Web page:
Kasia and I had only one morning in this agricultural region of south-eastern Washington as we were heading home from colourful Colorado. It was the last stop on the trip and we were glad we made it. After photographing the fall season in Colorado, the Mesa Verde ruins and the majestic Grand Teton National Park, the Palouse, with its dusty hills, appeared to be the least attractive of them all (at least at this time of the year). We couldn’t have been more mistaken.
The last time we visited the Palouse region lush greens dominated the scenery. This time was different. Greens and yellows blended into browns and sand dune-like hills spread across the horizon as if a painter had replaced all the colours with just one. Despite this change, the placid beauty of the land captivated us once again.
The rising sun revealed an abundance of shapes and patterns, creating dream-like visuals. The lack of colours simplified the visuals and emphasized the beauty of the lines. The Palouse in the fall was very different from the loud and colourful Palouse of the spring but somehow equally beautiful, equally captivating.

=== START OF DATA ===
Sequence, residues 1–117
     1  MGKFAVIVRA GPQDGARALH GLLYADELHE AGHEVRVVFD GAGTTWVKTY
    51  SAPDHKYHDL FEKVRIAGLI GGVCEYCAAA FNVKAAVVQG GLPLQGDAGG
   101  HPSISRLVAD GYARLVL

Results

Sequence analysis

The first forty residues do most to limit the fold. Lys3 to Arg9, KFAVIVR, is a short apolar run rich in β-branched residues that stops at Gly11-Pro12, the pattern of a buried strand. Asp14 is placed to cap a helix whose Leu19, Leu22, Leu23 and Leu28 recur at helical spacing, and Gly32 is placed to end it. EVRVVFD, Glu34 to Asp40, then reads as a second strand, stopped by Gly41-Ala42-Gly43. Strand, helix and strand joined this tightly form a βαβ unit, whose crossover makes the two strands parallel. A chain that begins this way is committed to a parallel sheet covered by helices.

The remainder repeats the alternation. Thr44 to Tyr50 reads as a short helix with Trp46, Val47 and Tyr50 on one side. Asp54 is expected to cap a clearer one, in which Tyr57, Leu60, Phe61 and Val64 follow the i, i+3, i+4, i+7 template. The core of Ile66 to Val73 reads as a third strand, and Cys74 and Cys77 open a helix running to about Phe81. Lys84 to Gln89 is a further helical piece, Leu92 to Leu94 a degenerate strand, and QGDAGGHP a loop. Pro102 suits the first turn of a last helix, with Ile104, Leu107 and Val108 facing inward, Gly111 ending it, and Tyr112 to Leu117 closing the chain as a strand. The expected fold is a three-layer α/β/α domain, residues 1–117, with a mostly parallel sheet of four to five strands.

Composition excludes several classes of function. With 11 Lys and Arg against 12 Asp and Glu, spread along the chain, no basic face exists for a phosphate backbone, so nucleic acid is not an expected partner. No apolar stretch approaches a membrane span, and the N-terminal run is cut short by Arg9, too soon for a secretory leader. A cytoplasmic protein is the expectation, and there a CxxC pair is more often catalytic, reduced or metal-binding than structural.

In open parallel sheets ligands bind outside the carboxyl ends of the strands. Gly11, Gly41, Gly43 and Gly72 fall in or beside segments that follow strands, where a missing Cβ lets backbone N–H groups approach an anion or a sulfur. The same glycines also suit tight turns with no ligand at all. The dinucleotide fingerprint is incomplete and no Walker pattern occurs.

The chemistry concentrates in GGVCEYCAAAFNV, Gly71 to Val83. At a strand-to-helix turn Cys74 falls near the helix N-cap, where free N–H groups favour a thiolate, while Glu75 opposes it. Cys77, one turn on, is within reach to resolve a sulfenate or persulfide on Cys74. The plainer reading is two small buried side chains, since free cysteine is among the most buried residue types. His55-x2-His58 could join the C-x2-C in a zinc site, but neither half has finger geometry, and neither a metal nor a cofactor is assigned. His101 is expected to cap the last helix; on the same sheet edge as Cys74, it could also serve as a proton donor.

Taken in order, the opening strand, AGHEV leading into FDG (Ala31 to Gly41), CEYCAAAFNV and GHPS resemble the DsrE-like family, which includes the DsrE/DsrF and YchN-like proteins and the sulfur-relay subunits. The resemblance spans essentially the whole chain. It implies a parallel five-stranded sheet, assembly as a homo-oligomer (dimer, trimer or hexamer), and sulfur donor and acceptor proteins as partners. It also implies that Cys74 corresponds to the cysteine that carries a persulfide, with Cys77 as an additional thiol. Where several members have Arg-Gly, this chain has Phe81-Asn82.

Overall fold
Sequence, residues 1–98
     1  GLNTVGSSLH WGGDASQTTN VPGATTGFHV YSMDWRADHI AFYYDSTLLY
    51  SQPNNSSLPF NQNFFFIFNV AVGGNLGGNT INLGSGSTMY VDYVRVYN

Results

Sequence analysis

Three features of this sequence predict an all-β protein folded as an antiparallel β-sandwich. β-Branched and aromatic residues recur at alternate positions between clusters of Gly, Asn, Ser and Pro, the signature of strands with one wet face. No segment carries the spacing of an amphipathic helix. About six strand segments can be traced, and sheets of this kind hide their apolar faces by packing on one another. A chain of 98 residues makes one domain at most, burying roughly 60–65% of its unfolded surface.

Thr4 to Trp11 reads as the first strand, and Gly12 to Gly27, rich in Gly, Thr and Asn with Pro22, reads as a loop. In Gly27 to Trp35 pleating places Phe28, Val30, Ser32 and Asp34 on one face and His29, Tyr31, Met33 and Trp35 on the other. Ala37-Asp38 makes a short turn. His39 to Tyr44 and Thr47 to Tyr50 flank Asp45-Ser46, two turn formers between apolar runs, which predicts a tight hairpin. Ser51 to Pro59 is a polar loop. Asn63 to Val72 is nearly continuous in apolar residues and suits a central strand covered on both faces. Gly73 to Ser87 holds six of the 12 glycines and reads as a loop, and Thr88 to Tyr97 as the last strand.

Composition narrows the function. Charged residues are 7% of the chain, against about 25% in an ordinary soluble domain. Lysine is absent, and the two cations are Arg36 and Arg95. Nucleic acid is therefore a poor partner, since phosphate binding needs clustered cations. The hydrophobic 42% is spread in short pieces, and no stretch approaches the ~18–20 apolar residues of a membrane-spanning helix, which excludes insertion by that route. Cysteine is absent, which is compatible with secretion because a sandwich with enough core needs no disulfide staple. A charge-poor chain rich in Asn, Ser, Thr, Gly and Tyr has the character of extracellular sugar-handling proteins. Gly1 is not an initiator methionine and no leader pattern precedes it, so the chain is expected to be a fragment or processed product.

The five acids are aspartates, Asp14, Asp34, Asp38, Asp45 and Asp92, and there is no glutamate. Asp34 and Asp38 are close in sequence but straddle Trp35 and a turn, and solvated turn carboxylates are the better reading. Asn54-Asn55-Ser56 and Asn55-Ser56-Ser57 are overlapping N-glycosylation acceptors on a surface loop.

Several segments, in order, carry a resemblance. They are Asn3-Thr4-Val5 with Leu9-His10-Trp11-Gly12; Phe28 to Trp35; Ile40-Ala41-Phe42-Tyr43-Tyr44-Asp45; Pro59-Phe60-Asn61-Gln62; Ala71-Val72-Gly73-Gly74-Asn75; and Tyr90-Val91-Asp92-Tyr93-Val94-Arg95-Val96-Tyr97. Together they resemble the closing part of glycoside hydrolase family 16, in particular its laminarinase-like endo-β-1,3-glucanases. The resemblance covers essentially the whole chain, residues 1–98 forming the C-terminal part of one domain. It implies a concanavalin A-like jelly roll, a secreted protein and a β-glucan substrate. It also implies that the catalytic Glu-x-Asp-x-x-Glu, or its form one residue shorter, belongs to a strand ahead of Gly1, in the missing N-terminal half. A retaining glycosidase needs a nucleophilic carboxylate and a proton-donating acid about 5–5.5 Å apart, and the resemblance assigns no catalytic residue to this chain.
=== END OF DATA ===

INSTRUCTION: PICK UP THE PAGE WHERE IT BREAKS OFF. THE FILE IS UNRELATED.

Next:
Our initial plan was to welcome the rising sun at Steptoe Butte – the usual place for sunrise photography. But we got up late and instead captured the beauty of the place from random dirt roads. We were glad we did.
While well-known parks such as Yosemite or Grand Teton National Park have their own mega-popular spots, the Palouse offers you the unknown. Every dirt road hides a visual gem and it is up to you to discover it, which is what makes this place so special.
This is why Kasia and I believe that the Palouse is the best place in North America to learn composition. Sure, you can go to Steptoe Butte and the morning light will provide you with beautiful vistas without much effort on your part. No question, you will end up with one more photograph of the same. However, if you would like to see and feel YOUR WAY, take any dirt road around Palouse, think creatively, put in some effort and you will be rewarded with a creation like no other. That’s the beauty of the Palouse. That’s why the Palouse is a photographer’s Elysian Fields. Indeed, it’s a place like no other.
All images were taken with the Fuji X-T1 & XF 50-140mm F2.8 lens, processed in LR6. Some grain was added for visual effect.
2015 © Kasia & Olaf Sztaba Photography. All rights reserved.